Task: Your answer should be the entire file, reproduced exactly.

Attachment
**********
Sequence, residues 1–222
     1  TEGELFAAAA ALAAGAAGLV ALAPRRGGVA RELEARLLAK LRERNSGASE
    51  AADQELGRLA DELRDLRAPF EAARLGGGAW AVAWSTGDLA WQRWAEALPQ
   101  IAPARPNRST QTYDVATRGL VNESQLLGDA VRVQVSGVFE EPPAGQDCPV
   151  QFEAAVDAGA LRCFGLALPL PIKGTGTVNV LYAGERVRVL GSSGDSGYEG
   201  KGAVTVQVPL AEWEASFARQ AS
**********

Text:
Sequence, residues 1–222
     1  TEGELFAAAA ALAAGAAGLV ALAPRRGGVA RELEARLLAK LRERNSGASE
    51  AADQELGRLA DELRDLRAPF EAARLGGGAW AVAWSTGDLA WQRWAEALPQ
   101  IAPARPNRST QTYDVATRGL VNESQLLGDA VRVQVSGVFE EPPAGQDCPV
   151  QFEAAVDAGA LRCFGLALPL PIKGTGTVNV LYAGERVRVL GSSGDSGYEG
   201  KGAVTVQVPL AEWEASFARQ AS